Morhous v. Supreme Court of New York

Decision Date14 June 1944
Citation56 N.E.2d 79,293 N.Y. 131
PartiesMORHOUS, Warden, Great Meadow Prison, v. SUPREME COURT OF NEW YORK, et al.
CourtNew York Court of Appeals Court of Appeals

OPINION TEXT STARTS HERE

Appeal from Supreme Court, Appellate Division, Third Department.

Proceedings in the matter of Vernon A. Morhous, as Warden of Great Meadow Prison, against the Supreme Court of the State of New York, particularly any Trial or Special Term in and for Washington County, and others, for an order under Civil Practice Act, s 1283 et seq., in nature of prohibition restraining named respondent, sititng in or for Washington County, from proceeding to trial or adjudication of issues in a habeas corpus proceeding pending in respondent court wherein R. Gordon Whitman is relator. From an order of the Appellate Division of the Supreme Court in the Third Judicial Department, denying as a matter of law and not in exercise of discretion petitioner's application, 267 App.Div. 527, 46 N.Y.S.2d 889, petitioner appeals by permission of the Court of Appeals.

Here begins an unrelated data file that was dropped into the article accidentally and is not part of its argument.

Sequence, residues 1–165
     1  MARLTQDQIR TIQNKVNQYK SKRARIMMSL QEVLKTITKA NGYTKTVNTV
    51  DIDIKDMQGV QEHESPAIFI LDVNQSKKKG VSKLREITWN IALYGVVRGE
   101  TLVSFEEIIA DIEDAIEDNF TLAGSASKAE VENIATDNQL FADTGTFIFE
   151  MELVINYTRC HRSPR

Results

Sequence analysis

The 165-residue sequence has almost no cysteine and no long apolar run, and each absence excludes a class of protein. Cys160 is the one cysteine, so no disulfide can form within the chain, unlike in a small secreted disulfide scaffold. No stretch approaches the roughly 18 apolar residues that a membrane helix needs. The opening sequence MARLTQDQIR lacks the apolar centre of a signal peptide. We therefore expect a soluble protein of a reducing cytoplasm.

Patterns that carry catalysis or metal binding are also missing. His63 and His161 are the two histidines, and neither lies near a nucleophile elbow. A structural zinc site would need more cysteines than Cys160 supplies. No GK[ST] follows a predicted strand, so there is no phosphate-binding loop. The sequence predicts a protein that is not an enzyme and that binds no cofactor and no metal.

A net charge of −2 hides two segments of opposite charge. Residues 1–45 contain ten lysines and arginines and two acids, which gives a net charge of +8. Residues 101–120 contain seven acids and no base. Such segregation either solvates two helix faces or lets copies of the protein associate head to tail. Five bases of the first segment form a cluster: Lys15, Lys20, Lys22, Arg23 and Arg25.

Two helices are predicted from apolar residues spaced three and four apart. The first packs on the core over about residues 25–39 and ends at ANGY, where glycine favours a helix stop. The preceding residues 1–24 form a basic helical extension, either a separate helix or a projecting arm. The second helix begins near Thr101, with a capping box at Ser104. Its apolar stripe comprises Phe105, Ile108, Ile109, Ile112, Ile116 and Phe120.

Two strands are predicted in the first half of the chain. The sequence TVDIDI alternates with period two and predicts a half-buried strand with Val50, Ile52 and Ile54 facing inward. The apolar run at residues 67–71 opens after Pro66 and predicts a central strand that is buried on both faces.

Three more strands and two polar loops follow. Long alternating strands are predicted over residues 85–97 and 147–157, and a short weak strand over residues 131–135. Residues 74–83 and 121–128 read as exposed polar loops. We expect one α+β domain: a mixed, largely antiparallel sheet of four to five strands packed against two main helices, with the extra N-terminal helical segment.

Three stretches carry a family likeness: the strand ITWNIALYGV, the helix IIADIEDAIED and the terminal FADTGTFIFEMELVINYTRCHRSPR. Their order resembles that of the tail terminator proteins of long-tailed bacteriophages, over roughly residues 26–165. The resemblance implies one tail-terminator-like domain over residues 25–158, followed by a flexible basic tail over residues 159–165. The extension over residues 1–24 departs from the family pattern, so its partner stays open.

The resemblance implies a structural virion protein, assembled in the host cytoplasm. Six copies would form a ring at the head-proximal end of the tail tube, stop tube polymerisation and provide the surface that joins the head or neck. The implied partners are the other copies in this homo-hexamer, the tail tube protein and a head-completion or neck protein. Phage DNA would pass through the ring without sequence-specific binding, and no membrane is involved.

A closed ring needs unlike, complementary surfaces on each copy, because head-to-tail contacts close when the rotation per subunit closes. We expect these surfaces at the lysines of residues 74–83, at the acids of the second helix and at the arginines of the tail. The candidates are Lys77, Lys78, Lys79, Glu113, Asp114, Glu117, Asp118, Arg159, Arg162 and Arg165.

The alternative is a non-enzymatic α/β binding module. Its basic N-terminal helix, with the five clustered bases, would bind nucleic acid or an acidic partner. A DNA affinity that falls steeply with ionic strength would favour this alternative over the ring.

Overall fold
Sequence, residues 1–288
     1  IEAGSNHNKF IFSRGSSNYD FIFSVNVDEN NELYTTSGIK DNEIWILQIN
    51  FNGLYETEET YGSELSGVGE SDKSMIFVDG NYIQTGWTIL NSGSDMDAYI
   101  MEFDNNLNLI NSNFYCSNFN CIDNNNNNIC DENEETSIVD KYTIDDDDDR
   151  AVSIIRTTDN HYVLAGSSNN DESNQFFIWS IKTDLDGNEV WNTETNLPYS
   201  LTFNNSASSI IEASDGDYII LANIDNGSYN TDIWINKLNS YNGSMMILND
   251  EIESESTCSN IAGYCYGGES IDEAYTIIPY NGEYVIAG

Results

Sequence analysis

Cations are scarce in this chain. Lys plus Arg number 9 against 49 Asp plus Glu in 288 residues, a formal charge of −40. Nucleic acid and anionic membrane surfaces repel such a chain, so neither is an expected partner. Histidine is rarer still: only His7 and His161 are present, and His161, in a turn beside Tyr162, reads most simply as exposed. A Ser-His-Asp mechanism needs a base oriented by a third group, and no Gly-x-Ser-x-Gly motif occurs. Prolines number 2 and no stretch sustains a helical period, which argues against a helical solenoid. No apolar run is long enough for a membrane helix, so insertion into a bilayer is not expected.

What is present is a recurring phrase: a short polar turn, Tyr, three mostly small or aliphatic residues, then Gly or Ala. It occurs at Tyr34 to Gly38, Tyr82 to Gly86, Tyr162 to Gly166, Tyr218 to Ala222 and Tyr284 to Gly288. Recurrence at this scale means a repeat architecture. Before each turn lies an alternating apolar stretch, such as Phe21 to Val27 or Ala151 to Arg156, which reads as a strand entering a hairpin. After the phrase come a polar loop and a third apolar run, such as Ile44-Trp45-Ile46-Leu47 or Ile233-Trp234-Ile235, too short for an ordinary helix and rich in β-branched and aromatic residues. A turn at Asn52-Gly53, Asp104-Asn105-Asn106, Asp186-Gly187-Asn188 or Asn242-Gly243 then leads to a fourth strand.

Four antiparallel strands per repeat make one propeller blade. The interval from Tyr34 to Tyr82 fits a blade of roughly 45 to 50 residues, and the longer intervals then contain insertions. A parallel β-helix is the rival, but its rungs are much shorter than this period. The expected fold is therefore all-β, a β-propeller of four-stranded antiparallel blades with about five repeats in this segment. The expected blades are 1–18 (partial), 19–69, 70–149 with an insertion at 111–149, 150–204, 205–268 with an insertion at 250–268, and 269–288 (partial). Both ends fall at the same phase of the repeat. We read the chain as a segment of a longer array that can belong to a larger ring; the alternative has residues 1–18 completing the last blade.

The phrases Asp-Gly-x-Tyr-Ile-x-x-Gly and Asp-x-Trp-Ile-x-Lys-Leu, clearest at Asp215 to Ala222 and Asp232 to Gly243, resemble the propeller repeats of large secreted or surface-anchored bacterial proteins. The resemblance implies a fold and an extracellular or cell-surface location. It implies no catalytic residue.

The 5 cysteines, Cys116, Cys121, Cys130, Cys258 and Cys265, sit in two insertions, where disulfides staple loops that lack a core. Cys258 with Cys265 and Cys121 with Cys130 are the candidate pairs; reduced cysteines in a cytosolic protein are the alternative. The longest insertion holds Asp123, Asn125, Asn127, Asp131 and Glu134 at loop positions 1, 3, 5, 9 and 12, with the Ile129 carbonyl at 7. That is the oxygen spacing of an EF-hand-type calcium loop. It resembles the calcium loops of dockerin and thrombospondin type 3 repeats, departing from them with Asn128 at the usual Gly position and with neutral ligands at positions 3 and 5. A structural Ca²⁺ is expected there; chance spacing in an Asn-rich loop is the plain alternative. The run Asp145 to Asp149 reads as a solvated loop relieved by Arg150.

Order reversed, and application granted. Nathaniel L. Goldstein, Atty. Gen., (Orrin G. Judd and Henry S. Manley, both of Albany, of counsel), for appellant.

Charles E. Hughes, Jr., Curtiss E. Frank, and Barbara Coxe, all of New York City, for respondent R. Gordon Whitman.

LEHMAN, Chief Judge.

The respondent R. Gordon Whitman is imprisoned in Great Meadow prison under a sentence imposed by the Court of General Sessions in New York County in 1931 after he had been convicted in that court of the crime of manslaughter in the first degree. In 1941 he applied for a writ of habeas corpus, alleging in his petition that his conviction was obtained by perjured testimony knowingly used by the prosecution; that testimony in his favor was suppressed by the prosecution; and that newspaper articles containing the malicious falsehood that he had previously murdered an officer of the law in West Virginia were maliciously used at the trial. The judgment of conviction, alleged to have been obtained by such means, deprives the defendant, it is said, of his liberty without due process of law in violation of the Fourteenth Amendment to the Constitution of the United States.